In the first reading, we are reminded what great joy it is to receive God’s abundant love and his faithful promises to us! If we are faithful to him in the Covenant, we never need to worry about hunger nor thirst or ever will our jars go empty, nor would our jugs run dry. The interesting point of note is that we are not called to minister to others in complicated ways. Elijah the prophet was ministered to by the widow in the way that she knew how, and by her own means of hospitality. She baked him a simple scone. It was all the ingredients she had, and it was all the baking that she could do.


The widow at Zarephath hosted the prophet Elijah who had lost all that he had and inevitably had to flee his country. She believed the words of the prophet and shared generously with him from the little she had. By agreeing to accommodate Elijah, the widow cast her insecurities and fears aside and took a leap of faith. Little did she know that this extraordinary gesture of kindness and generosity would change her life. We are reminded that in all things we do, as long as we act with God in mind, God uses our acts and will never leave us empty. The generosity of the Lord can never be outdone.


The responsorial Psalm states: ‘My soul, give praise to the Lord.’ The praise we offer is to God our provider, God our protector. We have to believe and praise with our soul that God is always in our corner, that he will raise us up from our troubles and hardships and we will come out stronger. However, we have to believe it – not just when things are going well, but when a situation is at its bleakest and it seems nothing else is going our way.


God will provide for us when we have nothing; when we feel betrayed and attacked, he will defend us; when we are hurt, he will heal us, hungry and he will feed us; and when we feel lonely, he will be there to love us. He will do all this and more, when we turn to him in faith. Let us remember to thank God for the blessings and for the trials that come our way, for it is within his plan for us, and we will emerge stronger.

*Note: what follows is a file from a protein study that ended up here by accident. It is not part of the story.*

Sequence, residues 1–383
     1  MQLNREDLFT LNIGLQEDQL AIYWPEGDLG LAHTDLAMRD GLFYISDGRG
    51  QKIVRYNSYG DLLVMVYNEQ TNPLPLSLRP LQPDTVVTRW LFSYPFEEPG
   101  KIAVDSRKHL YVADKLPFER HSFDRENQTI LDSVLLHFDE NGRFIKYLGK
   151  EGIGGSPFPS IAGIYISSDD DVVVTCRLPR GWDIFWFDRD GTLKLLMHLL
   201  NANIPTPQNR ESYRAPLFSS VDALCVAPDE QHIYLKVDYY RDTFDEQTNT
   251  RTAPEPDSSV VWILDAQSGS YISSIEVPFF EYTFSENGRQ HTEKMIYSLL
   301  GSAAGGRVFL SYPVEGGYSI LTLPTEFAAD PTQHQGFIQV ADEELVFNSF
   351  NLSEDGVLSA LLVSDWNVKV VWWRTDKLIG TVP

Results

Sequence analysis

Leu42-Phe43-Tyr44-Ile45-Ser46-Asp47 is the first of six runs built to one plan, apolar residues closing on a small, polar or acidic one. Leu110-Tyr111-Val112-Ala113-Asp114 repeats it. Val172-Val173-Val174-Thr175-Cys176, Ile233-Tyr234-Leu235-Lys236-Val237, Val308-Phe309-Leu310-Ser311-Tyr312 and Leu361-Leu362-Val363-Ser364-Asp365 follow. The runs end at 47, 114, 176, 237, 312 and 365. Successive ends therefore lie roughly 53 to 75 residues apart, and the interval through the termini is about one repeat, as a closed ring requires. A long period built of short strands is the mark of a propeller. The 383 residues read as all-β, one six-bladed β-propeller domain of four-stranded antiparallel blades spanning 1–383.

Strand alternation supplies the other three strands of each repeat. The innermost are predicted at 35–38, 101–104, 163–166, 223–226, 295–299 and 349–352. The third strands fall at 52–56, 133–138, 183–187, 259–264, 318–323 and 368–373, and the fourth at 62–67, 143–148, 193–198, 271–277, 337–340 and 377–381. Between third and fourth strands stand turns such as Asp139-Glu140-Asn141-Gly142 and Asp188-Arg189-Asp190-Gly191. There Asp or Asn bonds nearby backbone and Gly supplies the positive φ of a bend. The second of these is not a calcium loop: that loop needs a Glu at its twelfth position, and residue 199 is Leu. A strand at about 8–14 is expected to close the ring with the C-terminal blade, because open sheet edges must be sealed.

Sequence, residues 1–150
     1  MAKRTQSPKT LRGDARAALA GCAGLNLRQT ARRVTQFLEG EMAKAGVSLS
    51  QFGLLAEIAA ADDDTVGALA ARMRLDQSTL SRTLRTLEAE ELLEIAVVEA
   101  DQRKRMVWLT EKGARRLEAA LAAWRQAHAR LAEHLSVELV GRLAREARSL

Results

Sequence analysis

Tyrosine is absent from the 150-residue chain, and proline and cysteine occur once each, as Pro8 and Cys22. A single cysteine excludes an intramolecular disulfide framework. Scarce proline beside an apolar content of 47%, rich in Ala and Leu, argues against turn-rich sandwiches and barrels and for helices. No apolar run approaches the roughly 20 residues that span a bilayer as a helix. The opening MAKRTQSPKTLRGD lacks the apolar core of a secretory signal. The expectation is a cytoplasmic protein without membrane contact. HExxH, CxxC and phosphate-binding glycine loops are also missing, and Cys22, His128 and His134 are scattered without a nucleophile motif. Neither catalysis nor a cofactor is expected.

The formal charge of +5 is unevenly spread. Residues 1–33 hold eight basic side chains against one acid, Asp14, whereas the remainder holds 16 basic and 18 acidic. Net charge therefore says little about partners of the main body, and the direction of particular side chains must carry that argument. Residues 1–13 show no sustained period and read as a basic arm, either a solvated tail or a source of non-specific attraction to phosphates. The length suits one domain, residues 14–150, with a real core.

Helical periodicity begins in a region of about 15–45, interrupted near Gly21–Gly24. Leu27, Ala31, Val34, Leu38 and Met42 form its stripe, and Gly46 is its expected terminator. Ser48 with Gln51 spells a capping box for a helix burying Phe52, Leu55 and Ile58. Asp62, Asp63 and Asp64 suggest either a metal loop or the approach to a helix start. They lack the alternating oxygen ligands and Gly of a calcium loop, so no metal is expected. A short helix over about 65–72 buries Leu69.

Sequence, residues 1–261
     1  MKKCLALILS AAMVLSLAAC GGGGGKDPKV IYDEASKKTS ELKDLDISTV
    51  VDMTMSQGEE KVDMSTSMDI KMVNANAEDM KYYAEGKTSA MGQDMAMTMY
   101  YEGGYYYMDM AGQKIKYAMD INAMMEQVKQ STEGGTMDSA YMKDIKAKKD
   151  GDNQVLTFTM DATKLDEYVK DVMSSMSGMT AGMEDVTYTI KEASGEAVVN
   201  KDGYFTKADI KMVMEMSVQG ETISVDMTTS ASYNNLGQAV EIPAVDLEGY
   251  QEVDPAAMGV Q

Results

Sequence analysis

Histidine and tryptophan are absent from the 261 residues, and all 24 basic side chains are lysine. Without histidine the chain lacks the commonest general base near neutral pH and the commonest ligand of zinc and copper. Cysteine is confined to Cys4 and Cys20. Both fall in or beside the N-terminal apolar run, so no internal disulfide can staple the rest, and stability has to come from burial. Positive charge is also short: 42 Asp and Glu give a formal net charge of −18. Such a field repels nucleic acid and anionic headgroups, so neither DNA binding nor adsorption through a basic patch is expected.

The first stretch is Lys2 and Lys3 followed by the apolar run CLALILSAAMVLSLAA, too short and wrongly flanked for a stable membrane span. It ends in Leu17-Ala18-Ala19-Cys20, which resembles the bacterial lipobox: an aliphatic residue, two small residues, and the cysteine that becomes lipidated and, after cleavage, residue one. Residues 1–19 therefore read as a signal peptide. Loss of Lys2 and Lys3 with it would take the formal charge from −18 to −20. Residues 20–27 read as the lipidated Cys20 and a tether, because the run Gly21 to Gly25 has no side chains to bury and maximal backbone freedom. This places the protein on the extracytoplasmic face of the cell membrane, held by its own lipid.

The second reading reminds us that Christ has offered up his life and appeared in heaven before God to intercede on our behalf. In doing so, Christ has taken the faults of men upon himself and done away with sin. His sacrifice will lead to eternal salvation for those who believe in him. As believers and followers of Christ, we should strive to live our lives in his footsteps so that we may be worthy of eternal salvation. The question then is this: Are we waiting eagerly for the Lord?


The gospel reading contrasts the attitude of the scribes with that of the widow. The scribes care only about themselves and their actions are self-serving. They offered large amounts so that they would be recognised and well-thought of. However, it is important to not look at outward appearances of giving but the heart and intentions of where the gift comes from. In this reading, we see that it is not what or how much you give that matters because without faith, the gift means nothing. Anybody can give when they have plenty, anybody can give from their excess resources, but it takes faith and sacrifice to give everything you have when you have little. We are called to examine the attitude of the widow and how she has decided that her money, what little of it she had, belonged to God. We are thus reminded to put our faith in God, giving what little of ourselves, offering it as a sacrifice, and trusting in his generosity.


Written by

Ephrem Music Ministry